Implicit goals are those goals that are inside your head, you know about them and you know exactly what it is you want to accomplish.
Explicit goals are inside your head too, but ALSO, making your goals explicit means that you clearly write them down, and/or you depict them visually too, with drawings and/or with pictures.
AND you want to place your goals on a place where you easily "see" them every day.
Which goal setting do you think is much more likely to help you reach your goals on a consistent basis, your goals that are inside your head only, or your goals that you clearly "see" on a daily basis too?
Making your goal setting explicit helps you increase your commitment!
Your second goal setting guideline is this:
Make your goals “public”
In other words, don’t make your goals “private” only, like most people do.
Private goals are those goals that ONLY you know about.
Public goals are those goals that “everybody” knows about.
However, making your goals public doesn’t mean publishing them on the newspaper, on TV, or on Social Media for the world to see.
Making your goals public means that you tell people about them—people who are important to you and/or you care about.
In the case of your personal goal setting, tell to your family and friends—not everybody—but just those individuals you think it is pertinent.
In the case of your work-related goal setting, tell your boss, your direct reports, your clients—not everybody—but just those people you think it is relevant.
Again, which goal setting do you think you is much more likely to help you reach your goals on a consistent basis, your goals that you only know about, or your goals that the world knows about?
Making your goal setting public helps you increase your accountability.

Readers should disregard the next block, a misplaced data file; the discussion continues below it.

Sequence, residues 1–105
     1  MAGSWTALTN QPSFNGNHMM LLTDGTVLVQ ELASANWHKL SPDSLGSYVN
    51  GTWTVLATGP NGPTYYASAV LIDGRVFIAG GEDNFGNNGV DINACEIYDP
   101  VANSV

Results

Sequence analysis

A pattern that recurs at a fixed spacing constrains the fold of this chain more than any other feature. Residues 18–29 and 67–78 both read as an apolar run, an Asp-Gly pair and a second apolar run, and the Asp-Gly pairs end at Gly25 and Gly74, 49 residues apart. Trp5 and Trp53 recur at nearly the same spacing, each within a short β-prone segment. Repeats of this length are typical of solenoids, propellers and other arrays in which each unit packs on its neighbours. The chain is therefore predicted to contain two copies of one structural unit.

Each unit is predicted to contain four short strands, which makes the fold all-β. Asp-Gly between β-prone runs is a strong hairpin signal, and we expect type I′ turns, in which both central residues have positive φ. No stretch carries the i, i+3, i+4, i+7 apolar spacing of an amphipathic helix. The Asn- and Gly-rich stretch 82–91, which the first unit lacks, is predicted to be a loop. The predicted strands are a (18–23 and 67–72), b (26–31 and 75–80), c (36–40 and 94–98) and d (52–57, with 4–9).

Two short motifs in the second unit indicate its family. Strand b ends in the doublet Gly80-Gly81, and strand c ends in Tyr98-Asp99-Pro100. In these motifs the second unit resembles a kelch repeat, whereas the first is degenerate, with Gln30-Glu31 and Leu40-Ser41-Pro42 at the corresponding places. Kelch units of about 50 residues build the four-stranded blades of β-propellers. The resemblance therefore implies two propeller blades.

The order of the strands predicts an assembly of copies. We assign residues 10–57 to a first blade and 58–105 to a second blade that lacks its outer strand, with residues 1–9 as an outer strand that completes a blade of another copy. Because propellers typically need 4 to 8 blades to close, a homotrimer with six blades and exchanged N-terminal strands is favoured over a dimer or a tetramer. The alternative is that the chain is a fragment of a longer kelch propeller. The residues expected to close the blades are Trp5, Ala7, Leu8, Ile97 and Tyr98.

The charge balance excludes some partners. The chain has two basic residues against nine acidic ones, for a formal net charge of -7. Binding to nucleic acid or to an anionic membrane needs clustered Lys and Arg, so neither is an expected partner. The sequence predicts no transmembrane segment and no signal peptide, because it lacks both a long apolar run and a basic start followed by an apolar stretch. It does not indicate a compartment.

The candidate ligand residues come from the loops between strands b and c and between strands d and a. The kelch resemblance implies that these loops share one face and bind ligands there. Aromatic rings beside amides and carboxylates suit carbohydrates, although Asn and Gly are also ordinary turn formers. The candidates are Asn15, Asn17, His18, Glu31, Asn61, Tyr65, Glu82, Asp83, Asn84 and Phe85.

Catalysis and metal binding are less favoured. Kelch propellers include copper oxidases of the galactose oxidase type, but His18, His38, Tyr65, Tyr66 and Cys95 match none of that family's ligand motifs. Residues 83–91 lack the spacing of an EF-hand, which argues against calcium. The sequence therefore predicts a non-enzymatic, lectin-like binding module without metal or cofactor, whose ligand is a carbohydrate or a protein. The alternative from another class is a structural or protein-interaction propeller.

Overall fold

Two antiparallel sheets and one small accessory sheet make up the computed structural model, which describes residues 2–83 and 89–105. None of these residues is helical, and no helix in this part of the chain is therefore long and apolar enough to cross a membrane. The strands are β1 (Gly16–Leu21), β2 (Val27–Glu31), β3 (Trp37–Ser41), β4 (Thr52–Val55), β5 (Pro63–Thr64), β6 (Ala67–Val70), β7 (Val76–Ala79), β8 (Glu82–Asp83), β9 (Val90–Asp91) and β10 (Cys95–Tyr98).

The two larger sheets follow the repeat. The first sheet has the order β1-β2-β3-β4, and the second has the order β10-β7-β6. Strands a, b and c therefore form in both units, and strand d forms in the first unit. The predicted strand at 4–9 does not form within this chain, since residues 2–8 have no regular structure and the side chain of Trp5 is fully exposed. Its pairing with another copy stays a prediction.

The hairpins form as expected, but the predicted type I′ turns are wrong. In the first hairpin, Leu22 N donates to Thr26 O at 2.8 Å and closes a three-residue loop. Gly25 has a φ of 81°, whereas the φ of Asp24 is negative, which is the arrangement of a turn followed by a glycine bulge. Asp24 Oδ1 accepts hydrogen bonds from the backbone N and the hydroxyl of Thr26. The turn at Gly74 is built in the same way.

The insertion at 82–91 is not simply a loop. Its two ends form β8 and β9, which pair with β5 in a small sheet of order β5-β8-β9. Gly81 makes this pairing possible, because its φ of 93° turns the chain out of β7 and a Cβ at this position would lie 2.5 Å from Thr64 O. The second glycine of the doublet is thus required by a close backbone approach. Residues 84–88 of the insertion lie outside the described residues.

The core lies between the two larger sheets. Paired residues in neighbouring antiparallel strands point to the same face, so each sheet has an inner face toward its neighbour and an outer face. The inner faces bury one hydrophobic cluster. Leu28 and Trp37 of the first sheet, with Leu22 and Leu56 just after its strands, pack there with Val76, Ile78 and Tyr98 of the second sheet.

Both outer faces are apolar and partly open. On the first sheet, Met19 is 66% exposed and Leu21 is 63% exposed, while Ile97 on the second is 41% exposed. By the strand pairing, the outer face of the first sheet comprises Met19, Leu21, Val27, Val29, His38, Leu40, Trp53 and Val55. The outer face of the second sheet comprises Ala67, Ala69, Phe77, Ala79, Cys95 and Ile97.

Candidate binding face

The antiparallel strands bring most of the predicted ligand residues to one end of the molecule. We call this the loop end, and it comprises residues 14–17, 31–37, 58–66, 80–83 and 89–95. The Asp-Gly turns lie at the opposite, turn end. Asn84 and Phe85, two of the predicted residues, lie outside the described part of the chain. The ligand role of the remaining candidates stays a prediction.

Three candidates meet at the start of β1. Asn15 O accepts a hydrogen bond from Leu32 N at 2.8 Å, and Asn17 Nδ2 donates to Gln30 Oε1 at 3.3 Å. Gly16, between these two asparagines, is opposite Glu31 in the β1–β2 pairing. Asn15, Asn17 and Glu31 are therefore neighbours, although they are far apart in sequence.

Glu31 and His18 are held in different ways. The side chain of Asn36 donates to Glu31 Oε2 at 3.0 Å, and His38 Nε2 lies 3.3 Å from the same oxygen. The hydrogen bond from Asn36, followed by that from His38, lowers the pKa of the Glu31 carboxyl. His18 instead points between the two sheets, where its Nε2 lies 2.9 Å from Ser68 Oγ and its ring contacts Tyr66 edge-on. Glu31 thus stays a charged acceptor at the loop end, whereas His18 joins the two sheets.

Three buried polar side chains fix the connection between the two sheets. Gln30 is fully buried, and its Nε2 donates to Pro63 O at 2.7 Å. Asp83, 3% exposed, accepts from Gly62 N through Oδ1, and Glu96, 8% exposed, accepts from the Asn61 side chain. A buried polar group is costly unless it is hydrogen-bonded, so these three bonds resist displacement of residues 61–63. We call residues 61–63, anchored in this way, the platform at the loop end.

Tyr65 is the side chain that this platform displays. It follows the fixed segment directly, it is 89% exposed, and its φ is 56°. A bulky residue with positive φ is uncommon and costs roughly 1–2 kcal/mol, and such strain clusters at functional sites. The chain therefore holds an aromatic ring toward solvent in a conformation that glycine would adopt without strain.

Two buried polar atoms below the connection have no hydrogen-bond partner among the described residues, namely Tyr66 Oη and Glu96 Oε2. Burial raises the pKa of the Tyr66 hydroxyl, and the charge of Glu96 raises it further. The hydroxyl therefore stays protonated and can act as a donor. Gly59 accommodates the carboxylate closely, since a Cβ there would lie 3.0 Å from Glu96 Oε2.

Your third goal setting guideline is this:
Make your goals “SMART”
Here I explain to you exactly how to make your goals SMART.
If you set goals for your direct reports, and you want to be positive their goals are comprehensive and strategic, please click here to follow an exhaustive employee goal setting process.
Year after year after year … “New Year’s Resolutions” might end up becoming wishful thinking—again and again and again …
But following these three simple goal setting guidelines will help you tremendously in reaching your goals on a consistent basis, to walk purposefully, and on the right direction.
IF you really want to exceed your expectations …
- Make your goals Explicit
- Make your goals Public
- Make your goals SMART
On a different note, goal setting is a critical competence to support and align your direct reports. To learn three competencies to help you improve the performance of your direct reports, get your FREE Personal Leadership Development Plan.
This Plan will teach you three must-have practical tools that will improve the overall quality of your leadership. Check them out right here!
(1) Mark H. McCormack: "What they don’t teach you at Harvard Business School" (Bantam Books, New York, NY: 1986)